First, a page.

Startup lessons from Han Solo: 5 insights from a legendary ‘Star Wars’ entrepreneur – GeekWire.

I loved this analogy by Jonathan Sposato. Check it out.
When I was in 4th grade, I thought Luke Skywalker was a whiney little goody two-shoes. But Han Solo? Man, now that cat was cool!  Han Solo was my favorite Star Wars character throughout the entire first trilogy, and as I watched the trailer for the new Star Wars movie last week, it occurred to me that he was the Rebellion’s ultimate entrepreneur.

So here are five startup lessons inspired by the legendary Han Solo.

1. Pick The Right Business Partner(s)

Chewbacca is the ultimate business partner. He’s loyal, a highly impactful persona to walk into meetings with and doesn’t talk back (just kidding on that last part).  But the real point is one of fit.  Han and Chewie complement each other and celebrate their differences. Han is the schrewd negotiator, while Chewie is the muscle. Han plots their strategic direction, while Chewie ensures the Millennium Falcon is ready for hyperspace.

A common mistake startup entrepreneurs make is to seek too many similarities in their partners. While you should obviously communicate well and not be boneheads, ideal business results come when you approach problems from totally different perspectives. Don’t get lost in a self-supporting bubble. Core skill sets should be complementary, otherwise you’re double-paying.

2. Make a move before your window of opportunity closes

Han on Hoth
Han on Hoth

On the ice planet Hoth, Han had to move quickly to find Luke before evening temperatures made a rescue attempt impossible. Han possessed two key entrepreneurial attributes here: acting fast, and acting fearlessly.

Whether it’s your employee’s payroll or your own future on the line, most key startup decisions are going to feel scary. Don’t dawdle.

As a startup CEO, be acutely aware of how quickly you have to make a decision. Make it. And then have the guts to stay committed, even if there is a raging debate about its validity. Effective leaders like Han Solo have the confidence in knowing that high decision velocity usually yields much better results than always “perfect,” but slow decisions.

 Effective leaders like Han Solo have the confidence in knowing that high decision velocity usually yields much better results than always “perfect,” but slow decisions.’

3. Balance mercenary with missionary

Han and Chewie do what they do for the bounty. But they also fight for the right side and come through in their defense of the Rebel fighters.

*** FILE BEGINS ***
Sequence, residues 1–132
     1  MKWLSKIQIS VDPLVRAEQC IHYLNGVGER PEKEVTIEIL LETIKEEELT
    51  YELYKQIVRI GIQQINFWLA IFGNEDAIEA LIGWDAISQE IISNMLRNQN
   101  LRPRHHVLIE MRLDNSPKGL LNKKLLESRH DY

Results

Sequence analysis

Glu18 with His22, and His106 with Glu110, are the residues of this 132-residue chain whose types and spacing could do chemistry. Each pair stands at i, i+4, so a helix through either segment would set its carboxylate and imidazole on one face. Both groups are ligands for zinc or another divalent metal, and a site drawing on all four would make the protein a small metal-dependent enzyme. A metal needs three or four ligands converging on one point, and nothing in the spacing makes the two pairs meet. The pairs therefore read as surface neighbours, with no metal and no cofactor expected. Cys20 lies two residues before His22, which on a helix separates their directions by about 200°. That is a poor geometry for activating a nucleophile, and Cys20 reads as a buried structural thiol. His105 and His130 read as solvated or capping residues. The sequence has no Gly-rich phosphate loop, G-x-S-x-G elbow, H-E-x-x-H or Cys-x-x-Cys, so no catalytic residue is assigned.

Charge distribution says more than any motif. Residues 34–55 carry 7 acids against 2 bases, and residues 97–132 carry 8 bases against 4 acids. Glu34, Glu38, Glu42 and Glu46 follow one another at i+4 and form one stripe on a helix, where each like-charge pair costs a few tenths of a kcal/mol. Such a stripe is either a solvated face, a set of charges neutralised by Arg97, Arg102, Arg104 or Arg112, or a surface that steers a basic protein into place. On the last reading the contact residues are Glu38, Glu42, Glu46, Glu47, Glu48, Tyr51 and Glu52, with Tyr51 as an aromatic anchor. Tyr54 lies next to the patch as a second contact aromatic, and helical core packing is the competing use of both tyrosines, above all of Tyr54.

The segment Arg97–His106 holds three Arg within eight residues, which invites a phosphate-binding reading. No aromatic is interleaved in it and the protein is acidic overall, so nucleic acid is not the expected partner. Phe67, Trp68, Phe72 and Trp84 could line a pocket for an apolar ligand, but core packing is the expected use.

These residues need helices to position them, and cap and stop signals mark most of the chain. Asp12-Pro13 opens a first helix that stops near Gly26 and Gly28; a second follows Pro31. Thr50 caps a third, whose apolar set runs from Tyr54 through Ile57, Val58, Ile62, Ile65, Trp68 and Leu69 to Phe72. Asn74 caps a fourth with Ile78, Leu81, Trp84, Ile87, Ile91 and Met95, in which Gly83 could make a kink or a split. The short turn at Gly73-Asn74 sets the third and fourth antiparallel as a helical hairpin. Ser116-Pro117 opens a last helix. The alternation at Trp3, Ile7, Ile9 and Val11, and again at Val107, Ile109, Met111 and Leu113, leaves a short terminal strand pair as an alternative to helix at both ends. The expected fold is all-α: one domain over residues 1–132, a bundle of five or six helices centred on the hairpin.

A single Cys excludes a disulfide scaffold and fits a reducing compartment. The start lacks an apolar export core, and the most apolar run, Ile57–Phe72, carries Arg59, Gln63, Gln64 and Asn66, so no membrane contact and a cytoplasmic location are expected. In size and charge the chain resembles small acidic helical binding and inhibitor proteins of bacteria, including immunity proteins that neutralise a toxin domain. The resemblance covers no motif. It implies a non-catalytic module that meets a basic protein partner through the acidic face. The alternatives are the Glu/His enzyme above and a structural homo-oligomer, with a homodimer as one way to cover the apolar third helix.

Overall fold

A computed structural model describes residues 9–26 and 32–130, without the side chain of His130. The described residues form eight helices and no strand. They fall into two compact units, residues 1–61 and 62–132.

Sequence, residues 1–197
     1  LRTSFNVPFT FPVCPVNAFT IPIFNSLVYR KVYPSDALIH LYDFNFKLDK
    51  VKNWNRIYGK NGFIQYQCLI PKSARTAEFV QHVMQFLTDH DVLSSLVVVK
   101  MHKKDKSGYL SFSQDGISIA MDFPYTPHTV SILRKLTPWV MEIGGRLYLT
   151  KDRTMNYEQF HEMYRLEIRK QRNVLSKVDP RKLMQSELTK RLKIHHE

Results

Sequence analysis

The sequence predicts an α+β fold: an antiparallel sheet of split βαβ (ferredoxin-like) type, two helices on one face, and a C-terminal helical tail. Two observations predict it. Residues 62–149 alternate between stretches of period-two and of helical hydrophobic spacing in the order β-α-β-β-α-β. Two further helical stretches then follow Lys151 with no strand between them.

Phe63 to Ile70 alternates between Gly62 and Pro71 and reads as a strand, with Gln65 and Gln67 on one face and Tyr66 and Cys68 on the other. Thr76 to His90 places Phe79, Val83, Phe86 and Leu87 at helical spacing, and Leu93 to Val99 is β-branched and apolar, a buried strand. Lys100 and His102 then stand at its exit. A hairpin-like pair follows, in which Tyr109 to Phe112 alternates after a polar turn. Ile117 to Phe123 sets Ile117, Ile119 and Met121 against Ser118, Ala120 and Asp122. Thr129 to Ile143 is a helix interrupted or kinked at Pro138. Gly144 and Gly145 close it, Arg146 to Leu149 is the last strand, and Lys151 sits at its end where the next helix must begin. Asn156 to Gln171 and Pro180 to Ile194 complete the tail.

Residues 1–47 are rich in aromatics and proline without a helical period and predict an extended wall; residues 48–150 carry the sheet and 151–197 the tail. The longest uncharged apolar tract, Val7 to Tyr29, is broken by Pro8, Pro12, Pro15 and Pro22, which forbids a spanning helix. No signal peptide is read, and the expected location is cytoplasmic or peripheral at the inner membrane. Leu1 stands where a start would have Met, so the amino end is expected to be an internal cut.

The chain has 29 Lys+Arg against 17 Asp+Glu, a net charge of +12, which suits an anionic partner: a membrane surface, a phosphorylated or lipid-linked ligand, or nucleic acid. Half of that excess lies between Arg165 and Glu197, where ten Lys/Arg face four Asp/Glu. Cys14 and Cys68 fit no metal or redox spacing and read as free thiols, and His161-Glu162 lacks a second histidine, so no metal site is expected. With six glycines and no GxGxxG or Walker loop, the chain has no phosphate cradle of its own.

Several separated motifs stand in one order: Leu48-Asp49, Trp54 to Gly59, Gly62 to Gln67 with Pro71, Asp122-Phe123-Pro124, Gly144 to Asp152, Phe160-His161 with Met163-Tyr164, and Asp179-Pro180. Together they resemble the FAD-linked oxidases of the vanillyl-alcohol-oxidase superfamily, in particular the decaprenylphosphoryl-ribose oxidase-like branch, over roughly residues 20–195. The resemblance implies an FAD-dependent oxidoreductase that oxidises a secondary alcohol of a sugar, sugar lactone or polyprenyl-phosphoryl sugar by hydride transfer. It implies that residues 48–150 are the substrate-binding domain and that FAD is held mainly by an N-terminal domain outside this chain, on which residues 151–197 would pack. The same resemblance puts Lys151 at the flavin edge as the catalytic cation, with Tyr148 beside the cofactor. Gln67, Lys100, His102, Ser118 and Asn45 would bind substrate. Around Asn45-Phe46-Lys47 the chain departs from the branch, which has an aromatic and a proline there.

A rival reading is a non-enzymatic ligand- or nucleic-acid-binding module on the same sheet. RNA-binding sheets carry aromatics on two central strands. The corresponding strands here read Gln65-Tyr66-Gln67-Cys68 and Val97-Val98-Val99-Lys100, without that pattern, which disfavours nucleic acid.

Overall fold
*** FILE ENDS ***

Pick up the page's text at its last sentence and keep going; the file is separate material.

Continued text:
Too often, startup entrepreneurs seem conflicted about this balance.  How do we balance end-user value versus commerce?  Do we add one more ad unit to the homepage to capitalize on high impression rates, or will that “junk up” the experience?  Do we allocate 10 percent of interns from disadvantaged segments, or will the managerial overhead make it not worthwhile?

You don’t have to pick one at the exclusion of the other.  A balance can always be achieved. As you struggle with the “stormin,’ normin,’ performin’” stages of entrepreneurial life, know that all startups can do well in commerce, and do good by their users.

4. Look scrappy but have it ‘where it counts’

It’s clear that the Millennium Falcon could use a few repairs, perhaps a stop at West Coast Customs.  But Han and Chewie know they need to keep the overhead low. The reasons for this? You signal pretty clearly to investors, employees and strategic partners that impressing others is low, while you also can surprise others as you “punch above your weight.”  Save the luxuries — the class A offices and catered lunches — for when revenues are stable and profit margins are high.

5. Don’t wait to get rid of problems

GeekWire chairman Jonathan Sposato
GeekWire chairman Jonathan Sposato and friends.

In the controversial re-edition of Star Wars, it appears as if Greedo shot first during the famous bar scene, thereby causing Han to fire in self defense. I say bullsh*t! As a parent, I understand why George Lucas made the change.

But, as an entrepreneur, you simply can’t afford to allow threats to fester uncontested.  If you have a Taiwanese company infringing on your trademarks illegally, consult your IP attorney and do something about it.  If you have a problem employee spoiling the bunch, move quickly (and humanely) to excise the problem.

While it may not seem cool or ‘nice’ to get tough, dealing with the problem early will save you valuable time, money, and in some cases lost market share.  Han had one chance to get Greedo and Jabba the Hutt off his tail, and he didn’t hesitate to act decisively. Do it, and move on.

By GeekWire Chairman and serial startup founder Jonathan Sposato is the CEO of online photo editing service PicMonkey, and an investor in companies including Pokitdok, EveryMove and Vizify.

Posted in Cool stuff

Up America Summit 10/06/14 – 10/08/14

 Excited to part of the UP America Summit this year. The top startup community leaders from North America are coming together for the second annual UP America Summit in Kansas City on October 6th – 8th, 2014. The event will bring together top UP Champions, Startup Digest Curators, Startup Next Organizers, Startup Weekend Organizers & Facilitators, and Startup Education Organizers to build ideas, discuss future visions, share experiences, and create a network like no other for startup community builders around the nation.